This blog is written by Shirley Santiago, with a little help from Gunther Verheyen.
Everyone has a story to tell. Some write their stories in books, some in blogs, and some confine them in their hearts. I feel I have a beautiful story that is meant to be shared with the world.
My daughter, Bianca, was 8 months old when I started teaching Scrum (2013). You would think that as a mother with a young baby, I would go home straight after work and from the workshops I facilitated. But instead, I was out there until late in the evening, having more conversations about Scrum, engaging in after-talks and believing in my philanthropy.
A year later, in 2014, I learned about Scrum.org. (See my post “Finding Passion by Teaching Scrum”).
I entered the process of becoming a Professional Scrum Trainer (“PST”). At that time, I was told by my coach Jill Graves that there were only seven women in the community of around 160 trainers. How odd! With Jill on my side, I went ahead and formalized my application.
In 2015, as part of the process of becoming a PST, I attended a Train-the-Trainer class in Stuttgart (Germany). The class was facilitated by a guy from Belgium, whose name was Gunther Verheyen. Gunther who?! Indeed, Gunther was a total stranger to me, and the only thing I knew about Belgium were Belgian waffles and chocolates. Little did I know that this Gunther person would change my life forever. I totally appreciated his class, his teaching style and his views on Scrum. I let his personal feedback sink in and embraced it.
By the beginning of 2016, I had already worked on the feedback I received at the TTT and got additional certifications under my belt. The last step in the process, the last barrier I had to pass before becoming a PST, was the ‘Peer Review’, an interview and conversation with existing PSTs. I experienced it as the last gate phase to becoming a full-fledged PST. I was warned that it would not be easy, especially for me. Interestingly, I was told I had issues with smiling, engaging, and moving my hands. In short, I failed, with no clear sign on whether I would be given another chance at this. When you are really passionate about something, failure is really a bitter pill to swallow. And that's exactly what I felt. At that time, I started questioning whether this was really for me. I was full of doubts. So I just sent an email to my teacher Gunther and explained how I failed. I had no real expectations of him bothering to actually reply. It was more like an impulse I followed.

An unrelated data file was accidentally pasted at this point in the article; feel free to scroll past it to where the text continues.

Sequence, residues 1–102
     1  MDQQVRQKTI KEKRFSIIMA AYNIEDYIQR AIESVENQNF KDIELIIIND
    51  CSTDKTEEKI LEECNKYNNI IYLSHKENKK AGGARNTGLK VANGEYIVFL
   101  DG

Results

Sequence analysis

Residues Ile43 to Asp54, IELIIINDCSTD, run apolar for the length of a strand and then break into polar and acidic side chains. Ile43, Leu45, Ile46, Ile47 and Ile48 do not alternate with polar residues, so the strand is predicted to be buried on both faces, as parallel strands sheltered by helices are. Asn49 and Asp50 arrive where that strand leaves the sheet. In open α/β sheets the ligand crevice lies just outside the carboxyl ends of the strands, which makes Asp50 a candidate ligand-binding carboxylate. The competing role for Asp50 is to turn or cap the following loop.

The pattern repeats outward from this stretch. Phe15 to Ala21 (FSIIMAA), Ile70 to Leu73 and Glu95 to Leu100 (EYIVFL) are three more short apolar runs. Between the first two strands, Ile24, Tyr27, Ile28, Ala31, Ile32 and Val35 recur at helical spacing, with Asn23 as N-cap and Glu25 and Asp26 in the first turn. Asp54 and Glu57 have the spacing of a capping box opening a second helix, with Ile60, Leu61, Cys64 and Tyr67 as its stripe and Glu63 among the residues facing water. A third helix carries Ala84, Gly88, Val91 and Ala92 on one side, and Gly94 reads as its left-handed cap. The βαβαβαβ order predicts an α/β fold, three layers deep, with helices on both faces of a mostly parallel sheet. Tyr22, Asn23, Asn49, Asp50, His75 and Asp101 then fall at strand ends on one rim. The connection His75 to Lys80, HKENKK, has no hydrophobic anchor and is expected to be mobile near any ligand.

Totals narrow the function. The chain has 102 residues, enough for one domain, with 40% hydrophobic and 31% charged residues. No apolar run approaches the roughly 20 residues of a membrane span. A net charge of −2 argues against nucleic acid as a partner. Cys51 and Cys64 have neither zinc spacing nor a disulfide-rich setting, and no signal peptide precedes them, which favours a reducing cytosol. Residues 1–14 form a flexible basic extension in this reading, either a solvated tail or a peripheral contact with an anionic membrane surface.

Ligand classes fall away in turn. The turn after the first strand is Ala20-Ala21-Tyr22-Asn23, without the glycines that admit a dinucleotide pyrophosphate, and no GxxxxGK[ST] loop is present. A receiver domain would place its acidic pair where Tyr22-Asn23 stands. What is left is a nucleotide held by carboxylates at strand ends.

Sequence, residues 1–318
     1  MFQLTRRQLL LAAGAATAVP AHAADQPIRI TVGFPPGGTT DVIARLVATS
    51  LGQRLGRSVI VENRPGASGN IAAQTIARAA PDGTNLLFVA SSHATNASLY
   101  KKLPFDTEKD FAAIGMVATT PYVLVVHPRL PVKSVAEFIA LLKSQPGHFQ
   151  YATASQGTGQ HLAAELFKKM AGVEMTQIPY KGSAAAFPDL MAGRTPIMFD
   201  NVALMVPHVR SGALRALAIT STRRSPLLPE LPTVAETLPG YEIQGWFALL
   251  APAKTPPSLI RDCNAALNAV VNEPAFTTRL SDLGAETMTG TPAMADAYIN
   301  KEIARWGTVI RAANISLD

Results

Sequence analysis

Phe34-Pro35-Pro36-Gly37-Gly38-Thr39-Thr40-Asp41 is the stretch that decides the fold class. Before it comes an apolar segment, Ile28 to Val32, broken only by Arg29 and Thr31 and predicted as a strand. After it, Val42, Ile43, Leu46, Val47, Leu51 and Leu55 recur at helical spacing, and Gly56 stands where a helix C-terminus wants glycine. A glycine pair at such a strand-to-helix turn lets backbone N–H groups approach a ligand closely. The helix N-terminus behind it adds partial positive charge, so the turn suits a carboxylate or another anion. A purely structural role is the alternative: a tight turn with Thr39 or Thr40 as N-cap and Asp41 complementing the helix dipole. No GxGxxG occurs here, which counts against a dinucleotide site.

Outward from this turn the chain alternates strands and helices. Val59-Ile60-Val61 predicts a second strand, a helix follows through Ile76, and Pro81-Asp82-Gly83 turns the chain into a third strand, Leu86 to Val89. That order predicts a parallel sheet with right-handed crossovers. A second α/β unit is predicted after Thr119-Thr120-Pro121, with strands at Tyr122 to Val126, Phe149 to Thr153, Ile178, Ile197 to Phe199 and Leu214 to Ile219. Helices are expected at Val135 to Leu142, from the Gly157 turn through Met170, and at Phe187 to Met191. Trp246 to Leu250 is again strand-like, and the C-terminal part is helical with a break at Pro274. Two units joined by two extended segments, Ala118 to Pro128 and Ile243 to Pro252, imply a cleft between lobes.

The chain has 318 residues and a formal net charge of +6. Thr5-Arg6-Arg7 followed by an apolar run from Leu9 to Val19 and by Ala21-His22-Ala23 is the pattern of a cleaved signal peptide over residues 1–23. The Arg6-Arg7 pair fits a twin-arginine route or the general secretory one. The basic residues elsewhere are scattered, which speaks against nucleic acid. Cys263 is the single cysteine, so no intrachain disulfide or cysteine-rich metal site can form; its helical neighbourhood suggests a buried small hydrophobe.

For the two weeks following these events, I was listening to the song “Where Do Broken Hearts Go”, on endless repeat. One late night I was driving home from work along the popular Skyway, still listening to the same song, and a message from Gunther beeped on my phone. It was a one line email that said, “I will help…”. It was all I needed, to break down, to feel cared for and… to start crying. My tears fell down like waterfalls. I was literally sobbing and my eyes were all puffy. I regained strength and a sense of hope took over.
Gunther subsequently invited me for a couple of (online) coaching conversations, planning them over the next 2 months. I went into the first session feeling highly intimidated. But I mustered up the courage to ask him if he often did coaching like this, and he said “no”. I was flattered. Although at the back of my mind I still considered the possibility of this being a pity session. Whatever the case, I did not care anymore. This person calling himself a Scrum Caretaker was in front of me (although physically at the other side of the world). Here I was, a total stranger to him from the other side of the earth, a person he had only seen in some class quite a while ago. Yet he patiently gave me some of his, undoubtedly precious, time. I was grateful. I felt special. At that time it was exactly what I needed to pick myself up again. There and then I decided I was not going to quit from the process of becoming a Professional Scrum Trainer, which was a long-pursued dream.
And so I continued my journey, with Gunther virtually by my side, sending me short notes from time to time, checking in “has the peer review been scheduled”, “how’s everything”, “good that you are doing well in all aspects of your life”. As a mentee, that was the support, the encouragement I needed. And I kept going.
By the time I got finally accepted as a PST, I wrote to Jill Graves, “My top 3 people I would like to meet in the community are you (Jill Graves), Ken Schwaber and Gunther Verheyen, in that particular order”. Jill was thrilled that she was the first. And I did meet her first, before also meeting Ken. And so the only one left to meet was Gunther. And this year (2018), we decided that after three years of mentorship, it was about time to meet in person again. We arranged to meet at the Scrum.org Face-to-Face event for Professional Scrum Trainers in Stuttgart, Germany. The same place where my TTT class happened, exactly three years later. I was gratified to also meet up with Jill Graves, Peter Goetz and Steve Porter at the same event – my great mentors. See photos of our reunion below.
So keep believing. Anything is possible. And as Gunther once said, “I’m glad you found your way home”.